The taxpayers of Hoboken will be defrauded if this court does not act. N.J.S.A. 40:46-27 requires that if a majority of the voters cast negative ballots on the pay raise referendum, the ordinance will not be passed. The people's express will cannot be defeated by failure of election workers to perform their duties correctly. The law cannot allow legislative status thus contemplated upon the people's vote to be thwarted by the failure of public officials to perform properly a ministerial duty. A very early interpretation that there is an overlapping between the election laws and the court's inherent powers was rendered in the case of Conger v. Convery , 52 N.J.L. 417 (Sup. Ct. 1890), affirmed 53 N.J.L. 658 (E. & A. 1891), which was a contest over the election of a county clerk. Allegations were made that the miscounting of ballots in the district had changed the election. The question certified on appeal was whether the election statute giving power to the circuit court to determine an election contest was constitutional in view of the fact that the Supreme Court had exclusive jurisdiction under the Constitution to try title to office by quo warranto. The court, speaking through Chief Justice Beasley, held:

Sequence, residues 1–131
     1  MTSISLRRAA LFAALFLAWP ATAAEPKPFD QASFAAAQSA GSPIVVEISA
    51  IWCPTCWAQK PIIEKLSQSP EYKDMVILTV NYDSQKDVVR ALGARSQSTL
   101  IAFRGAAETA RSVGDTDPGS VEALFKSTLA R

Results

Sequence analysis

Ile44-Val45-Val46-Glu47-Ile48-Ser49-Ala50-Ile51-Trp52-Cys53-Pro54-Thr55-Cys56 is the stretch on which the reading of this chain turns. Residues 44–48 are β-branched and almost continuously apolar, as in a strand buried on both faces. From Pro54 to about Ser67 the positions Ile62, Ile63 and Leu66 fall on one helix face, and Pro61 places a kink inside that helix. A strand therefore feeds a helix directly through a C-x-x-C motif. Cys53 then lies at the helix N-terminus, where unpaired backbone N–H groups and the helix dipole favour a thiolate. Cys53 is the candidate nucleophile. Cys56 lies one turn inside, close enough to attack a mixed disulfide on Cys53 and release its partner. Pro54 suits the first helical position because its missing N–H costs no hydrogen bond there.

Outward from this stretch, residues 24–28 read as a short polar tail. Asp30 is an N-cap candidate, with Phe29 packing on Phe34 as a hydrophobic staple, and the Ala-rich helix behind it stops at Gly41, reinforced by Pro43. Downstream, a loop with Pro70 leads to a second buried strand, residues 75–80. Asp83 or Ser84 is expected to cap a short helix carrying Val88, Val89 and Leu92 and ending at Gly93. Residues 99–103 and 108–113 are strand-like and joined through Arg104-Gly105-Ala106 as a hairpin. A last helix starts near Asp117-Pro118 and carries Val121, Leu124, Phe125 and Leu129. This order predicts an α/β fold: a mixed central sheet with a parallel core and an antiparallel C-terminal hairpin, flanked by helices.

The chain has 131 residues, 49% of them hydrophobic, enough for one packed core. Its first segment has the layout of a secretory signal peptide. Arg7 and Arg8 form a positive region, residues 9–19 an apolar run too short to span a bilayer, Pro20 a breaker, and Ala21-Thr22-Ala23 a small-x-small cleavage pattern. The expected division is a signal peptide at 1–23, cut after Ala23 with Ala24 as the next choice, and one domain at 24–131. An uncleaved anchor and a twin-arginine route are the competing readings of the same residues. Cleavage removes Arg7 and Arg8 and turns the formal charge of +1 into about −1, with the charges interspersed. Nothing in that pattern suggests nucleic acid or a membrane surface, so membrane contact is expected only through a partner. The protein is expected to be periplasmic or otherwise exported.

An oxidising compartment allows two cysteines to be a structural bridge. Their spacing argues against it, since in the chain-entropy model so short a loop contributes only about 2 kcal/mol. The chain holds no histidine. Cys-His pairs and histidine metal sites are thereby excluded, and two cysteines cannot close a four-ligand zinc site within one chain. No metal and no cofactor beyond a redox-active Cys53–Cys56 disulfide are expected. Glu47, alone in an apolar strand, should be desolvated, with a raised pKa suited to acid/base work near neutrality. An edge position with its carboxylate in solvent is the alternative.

[81 NJSuper Page 196]

"* * * this act under consideration, when properly construed, does not transfer to the county circuit court any part of that prerogative power of this court of which we have been treating. The procedure which it establishes is to be regarded simply as a part of the apparatus for organizing the government, by supplying it temporarily, and in view of a pressing public necessity, with its necessary members. In its purpose and nature it is similar to the power exercised by the judges of election and the county canvassers. It may, in fact, be said to be a supplement to such machinery; the object of it and the other agencies just referred to, being the same, -- that is, to put into office for the time being such candidates as appear to have been chosen by the people.

This construction excludes, of course, the idea that the procedure has any conclusive effect, and, regarding it in this light, it appears to be, in a constitutional point of view, unobjectionable, at least so far as it is employed merely as an electoral adjunct. Plainly, the judgment rendered in such procedure would not oust this court of its jurisdiction subsequently to try the title to the office by quo warranto." (52 N.J.L. , at pp. 443, 444)

In accord with this position are also the cases of Darling v. Murphy , 70 N.J.L. 435 (Sup. Ct. 1904), and In re Ray , 26 N.J. Misc. 56, 56 A. 2 d 761 (Cir. Ct. 1947).